Summary of GBS
Guillain-Barré syndrome (GBS) is an acute-onset, immune-mediated disorder that affects the peripheral nervous system through demyelination of certain types of neuronal and glial cells (Burns, 2008). GBS can also be simply defined as a disorder in which the immune system attacks part of the peripheral nervous system (National Institute of Neurological Disorders and Strokes, 2010). This disorder is typically seen in patients whom have recently been sick various infections. Some of the viral and bacterial infections that are known to predate the onset of GBS are Campylobacter jejuni, Cytomegalovirus, Mycoplasma pneumonia, Epstein-Barr virus, and the influenza virus. Other factors that have been associated with this disorder are surgery, immunization, and parturition (Burns, 2008).
Symptoms that usually accompany GBS are symmetrical paresthesias, sensory processing disturbances, weakness of the limb muscles, areflexia or hyporeflexia, cranial nerve weakness, a high protein concentration in the cerebrospinal fluid, and diaphragmatic weakness. The progression of this disorder is rapid. Most clients reach the lowest point of this disorder within two to four weeks from onset. GBS is a serious disorder, because in many cases the patients experience loss of total muscle control, which results in them being put on a ventilator to assist with their breathing (Burns, 2008).
There is still a lot to be researched and learned about this disorder, because the exact cause of GBS is still unknown. Cerebrospinal fluid analysis and electrodiagnostic testing are used to detect GBS. There are several other diseases and disorders that should be considered and eliminated as possibilities before a diagnosis of GBS is given, but the quick onset, symmetrical paresthesias, and high levels of protein concentration in cerebrospinal fluid are common indicators of this disorder. There is no known cure for GBS, but plasmapheresis and high-dose immunoglobulin therapy are used to treat the complications of it. Both plasmapheresis and high-dose immunoglobulin therapy reduce the severity and duration of GBS (Burns, 2008).
GBS is a fairly rare disorder, but it is the most common cause of acute flaccid paralysis in developed countries (Moffat, Bohmert, & Hulme, 2008). The incidence of GBS is one or two per 100,000 people, and the lifetime likelihood of someone acquiring this disorder is one in 1000 (Burns, 2008). The most common form of GBS is acute inflammatory demyelinating polyradiculoneuropathy (AIDP) and the least common form of GBS is Miller Fisher syndrome (MFS). There is typically a full recovery by GBS patients that take advantage of multidimensional therapeutic opportunities along with fast and effective medical care. Residual muscle weakness is the most common complaint after recovery from GBS (National Institute of Neurological Disorders and Strokes, 2010). The recovery period for GBS ranges from a few months to a few years, but the residual muscle weakness may last for up to three years. A relapse of GBS is somewhat rare for this disease if a full recovery is made (Burns, 2008). Usually GBS occurs in sporadic cases, but two of the most common outbreaks occurred in El Sult, Jordan and in the U.S. in the 1970’s. The speculated causes for these outbreaks were water pollution in Jordan and the administering of a swine flu vaccine in the U.S. (Sliman, 1978; Pollack, 2009).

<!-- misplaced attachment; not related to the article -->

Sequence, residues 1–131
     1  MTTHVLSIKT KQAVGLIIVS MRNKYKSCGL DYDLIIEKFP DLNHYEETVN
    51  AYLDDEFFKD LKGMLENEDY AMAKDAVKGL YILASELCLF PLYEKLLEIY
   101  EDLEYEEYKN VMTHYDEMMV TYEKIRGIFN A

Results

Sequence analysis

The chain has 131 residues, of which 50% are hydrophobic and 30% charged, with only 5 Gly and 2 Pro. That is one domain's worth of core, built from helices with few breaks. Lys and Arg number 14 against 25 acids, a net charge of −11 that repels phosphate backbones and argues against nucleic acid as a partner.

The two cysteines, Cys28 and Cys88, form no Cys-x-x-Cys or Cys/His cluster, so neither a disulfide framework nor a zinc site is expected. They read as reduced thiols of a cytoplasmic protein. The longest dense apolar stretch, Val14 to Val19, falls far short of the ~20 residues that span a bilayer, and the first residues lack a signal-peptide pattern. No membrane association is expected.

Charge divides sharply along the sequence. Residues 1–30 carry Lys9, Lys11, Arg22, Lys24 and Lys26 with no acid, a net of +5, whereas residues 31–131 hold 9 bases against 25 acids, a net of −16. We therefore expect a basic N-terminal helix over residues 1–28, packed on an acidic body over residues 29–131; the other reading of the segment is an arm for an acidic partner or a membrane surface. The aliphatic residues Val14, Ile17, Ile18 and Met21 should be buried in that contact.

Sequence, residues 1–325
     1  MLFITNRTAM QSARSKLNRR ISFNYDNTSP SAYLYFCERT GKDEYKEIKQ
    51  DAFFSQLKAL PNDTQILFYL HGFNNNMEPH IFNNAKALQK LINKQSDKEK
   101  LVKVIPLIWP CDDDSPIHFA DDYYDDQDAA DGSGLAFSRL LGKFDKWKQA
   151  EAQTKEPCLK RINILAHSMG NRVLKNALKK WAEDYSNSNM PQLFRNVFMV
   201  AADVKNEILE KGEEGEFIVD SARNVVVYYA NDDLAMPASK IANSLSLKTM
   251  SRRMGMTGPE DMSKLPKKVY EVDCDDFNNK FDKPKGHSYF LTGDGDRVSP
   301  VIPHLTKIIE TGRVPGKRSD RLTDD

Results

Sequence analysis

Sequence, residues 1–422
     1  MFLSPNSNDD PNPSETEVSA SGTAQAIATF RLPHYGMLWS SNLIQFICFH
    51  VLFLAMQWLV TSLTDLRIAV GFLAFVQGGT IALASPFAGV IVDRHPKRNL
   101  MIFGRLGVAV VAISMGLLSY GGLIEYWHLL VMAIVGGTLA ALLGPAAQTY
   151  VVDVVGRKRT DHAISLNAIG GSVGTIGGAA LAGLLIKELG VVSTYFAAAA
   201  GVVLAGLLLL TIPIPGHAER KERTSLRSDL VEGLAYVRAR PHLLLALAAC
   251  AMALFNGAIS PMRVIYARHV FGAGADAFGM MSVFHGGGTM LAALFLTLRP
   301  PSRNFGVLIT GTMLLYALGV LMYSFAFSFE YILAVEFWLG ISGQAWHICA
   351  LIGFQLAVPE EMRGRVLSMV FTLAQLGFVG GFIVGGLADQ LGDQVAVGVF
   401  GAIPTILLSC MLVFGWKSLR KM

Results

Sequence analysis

It is imperative for the human body to interact with its environment. Stimuli from the environment are sensed by receptors peripherally in our bodies. This information travels through afferent pathways to the central nervous system where a response is determined. The initiation of the body’s response to the environmental stimulus, whether it be inhibitory or excitatory, travels from the central nervous system down efferent pathways to the target tissue. The medium that information is passed along these afferent or efferent pathways occurs in neurons or glial cells. Action potentials, or rapid reversal of electrical charges on either side of the cell membrane, coupled with chemical transmission of neurotransmitters are how the human body communicates the environmental stimulus (sensory input) and bodily response (motor output) throughout the body. Myelination allows and promotes this whole process (Bear, Connors, & Paradiso, 2007).
Neurons and glial cells have axons between the soma and terminal bouton. Axons have myelinated and unmyelinated regions, which allow information to travel through electrical impulses from the soma to the terminal bouton. At the terminal bouton of a neuron, neurotransmitters are released into the synaptic cleft after the action potential reaches the bouton, which allows the soma of the post-synaptic neuron or glial cell to receive information from the pre-synaptic neuron or glial cell. The process may then starts over until the information reaches either the central nervous system or target tissue. The alternating myelinated and unmyelinated portions of an axon are how these action potentials travel down the axon. The unmyelinated portion, Nodes of Ranvier, propagates an action potential, while the myelinated portion insulates, for lack of a better word, the electrical impulses or action potentials (Bear, Connors, Paradiso, 2007).
In GBS, Schwann cells or other nerve or glial cells in the periphery are affected, which decreases the efficacy partially or entirely of action potential transmission, which results in the widespread GBS symptoms. In other words, GBS patients’ bodies cannot communicate within itself or with its surrounding environment. This disorder is debilitating, because it’s not a single neuron or glia that’s being affected. Bundles of nerves are affected, which causes the widespread and devastating symptoms. Two-thirds of GBS have had a viral or bacterial infection that caused this process to happen within the body. Researchers have narrowed it down even more to say that most GBS patients had an upper respiratory infection or gastrointestinal infection prior to the GBS symptoms. This is important to recognize, because the antibodies that were originally fighting off these infections begin attacking nerve cells in the periphery, which brings us full circle to the decreased efficiency in nerve cells and body structures (Moffat, Bohmert, & Hulme, 2008).